America has resumed its long-running debate on gun control, following the terrible attack at Umpqua Community College in Roseburg, Oregon, last week and two more shootings Friday, at Northern Arizona University and Texas Southern University. This time around, perhaps nothing has gotten more play than this table from a short column by National Journal graphic artist Libby Isenstein. The chart ranks the states by their rate of “gun-related deaths” and notes whether each state has gun-restricting laws like background checks and waiting periods, or laws that expand gun accessibility and use, like concealed-carry and stand-your-ground rights. The chart’s implication is clear: the more gun restrictions, the fewer horrible crimes.

Isenstein’s chart has since been posted on countless blogs, Twitter feeds, and Facebook pages, with the subtext (and often the explicit text) that if troglodyte gun-rights supporters could appreciate simple statistics, they’d stop impeding common-sense gun controls that would deter terrible crimes like the one in Roseburg. President Obama also made this point explicit last week in a statement about the Roseburg shooting:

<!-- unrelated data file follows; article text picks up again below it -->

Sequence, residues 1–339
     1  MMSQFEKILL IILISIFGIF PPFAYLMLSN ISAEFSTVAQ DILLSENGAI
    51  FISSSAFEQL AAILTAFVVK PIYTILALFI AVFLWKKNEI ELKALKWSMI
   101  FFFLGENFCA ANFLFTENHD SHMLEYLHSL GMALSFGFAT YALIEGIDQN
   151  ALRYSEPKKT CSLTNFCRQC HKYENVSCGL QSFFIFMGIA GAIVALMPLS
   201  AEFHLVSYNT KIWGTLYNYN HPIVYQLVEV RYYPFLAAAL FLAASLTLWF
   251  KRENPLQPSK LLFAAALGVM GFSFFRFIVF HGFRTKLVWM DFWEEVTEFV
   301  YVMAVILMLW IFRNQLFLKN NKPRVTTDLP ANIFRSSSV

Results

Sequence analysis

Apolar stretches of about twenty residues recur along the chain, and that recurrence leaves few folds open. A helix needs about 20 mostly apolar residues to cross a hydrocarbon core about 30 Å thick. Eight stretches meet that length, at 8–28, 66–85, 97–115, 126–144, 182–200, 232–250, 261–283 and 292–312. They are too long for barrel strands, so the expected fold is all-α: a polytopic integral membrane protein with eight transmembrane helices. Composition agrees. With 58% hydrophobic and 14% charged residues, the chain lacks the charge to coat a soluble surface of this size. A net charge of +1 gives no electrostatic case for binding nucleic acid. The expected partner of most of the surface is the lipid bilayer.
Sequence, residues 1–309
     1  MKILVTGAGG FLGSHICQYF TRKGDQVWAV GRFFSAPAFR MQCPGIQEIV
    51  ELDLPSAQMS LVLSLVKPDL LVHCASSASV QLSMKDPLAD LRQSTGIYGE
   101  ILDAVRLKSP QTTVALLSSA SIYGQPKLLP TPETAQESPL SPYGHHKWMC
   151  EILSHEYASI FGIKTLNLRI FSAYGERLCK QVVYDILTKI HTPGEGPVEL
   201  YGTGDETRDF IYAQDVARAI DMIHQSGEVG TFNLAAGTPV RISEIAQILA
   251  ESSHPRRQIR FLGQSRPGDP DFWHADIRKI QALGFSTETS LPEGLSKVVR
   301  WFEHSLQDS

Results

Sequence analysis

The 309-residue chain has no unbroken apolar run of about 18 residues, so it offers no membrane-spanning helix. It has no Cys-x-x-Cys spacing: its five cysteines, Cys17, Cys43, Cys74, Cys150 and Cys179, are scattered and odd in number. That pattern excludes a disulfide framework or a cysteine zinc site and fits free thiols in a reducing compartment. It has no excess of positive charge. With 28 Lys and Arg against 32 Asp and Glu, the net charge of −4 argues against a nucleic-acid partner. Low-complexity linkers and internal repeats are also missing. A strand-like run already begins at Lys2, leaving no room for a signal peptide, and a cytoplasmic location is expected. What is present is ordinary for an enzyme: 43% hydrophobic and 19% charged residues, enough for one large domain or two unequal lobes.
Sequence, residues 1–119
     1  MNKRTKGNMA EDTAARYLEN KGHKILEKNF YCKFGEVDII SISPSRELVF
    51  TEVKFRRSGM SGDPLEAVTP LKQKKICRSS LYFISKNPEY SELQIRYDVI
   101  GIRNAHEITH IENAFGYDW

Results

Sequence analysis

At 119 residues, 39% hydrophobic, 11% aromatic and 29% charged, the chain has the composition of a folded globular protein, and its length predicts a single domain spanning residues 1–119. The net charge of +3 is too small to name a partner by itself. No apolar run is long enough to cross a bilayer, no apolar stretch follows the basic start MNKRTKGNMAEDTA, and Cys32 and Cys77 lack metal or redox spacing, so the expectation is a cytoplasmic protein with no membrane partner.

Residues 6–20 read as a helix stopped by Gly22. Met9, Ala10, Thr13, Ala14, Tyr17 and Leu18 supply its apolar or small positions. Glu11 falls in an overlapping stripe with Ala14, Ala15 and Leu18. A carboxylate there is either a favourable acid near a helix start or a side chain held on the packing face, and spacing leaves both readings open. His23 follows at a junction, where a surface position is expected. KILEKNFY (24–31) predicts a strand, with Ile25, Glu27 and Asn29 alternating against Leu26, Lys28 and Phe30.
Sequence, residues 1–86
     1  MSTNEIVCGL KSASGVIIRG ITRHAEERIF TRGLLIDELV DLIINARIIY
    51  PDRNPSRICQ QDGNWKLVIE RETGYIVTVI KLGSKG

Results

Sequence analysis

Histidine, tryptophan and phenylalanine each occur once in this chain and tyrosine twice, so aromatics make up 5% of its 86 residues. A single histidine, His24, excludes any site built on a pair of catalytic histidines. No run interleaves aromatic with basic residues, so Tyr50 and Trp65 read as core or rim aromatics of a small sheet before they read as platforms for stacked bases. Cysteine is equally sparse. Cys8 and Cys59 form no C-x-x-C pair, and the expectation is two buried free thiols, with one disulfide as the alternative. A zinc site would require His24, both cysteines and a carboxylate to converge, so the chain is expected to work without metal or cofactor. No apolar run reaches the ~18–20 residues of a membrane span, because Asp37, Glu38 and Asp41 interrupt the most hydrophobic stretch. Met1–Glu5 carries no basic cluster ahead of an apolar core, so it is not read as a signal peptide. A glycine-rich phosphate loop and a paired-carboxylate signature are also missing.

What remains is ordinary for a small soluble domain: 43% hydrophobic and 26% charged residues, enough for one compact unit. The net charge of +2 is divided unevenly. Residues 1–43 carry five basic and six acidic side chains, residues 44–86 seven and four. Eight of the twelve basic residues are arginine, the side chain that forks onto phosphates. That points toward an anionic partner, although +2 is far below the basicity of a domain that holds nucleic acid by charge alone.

States with the most gun laws tend to have the fewest gun deaths. So the notion that gun laws don’t work, or just will make it harder for law-abiding citizens [to obtain guns] and criminals will still get their guns, is not borne out by the evidence.

The president’s comment has since received some critical scrutiny from The Washington Post’s “Fact-Checker” Glenn Kessler. And UCLA law professor and Post contributor Eugene Volokh criticized the National Journal table in a recent post on the lack of a statistical link between gun control and overall homicide rates. Yet the chart continues to bounce around the Internet and the media. Its currency reveals how readily people seize on statistics they don’t really understand but think—in this case, wrongly—support their opinions, claiming the intellectual high ground while dismissing opposing viewpoints as hopelessly ignorant, biased, and dishonest.

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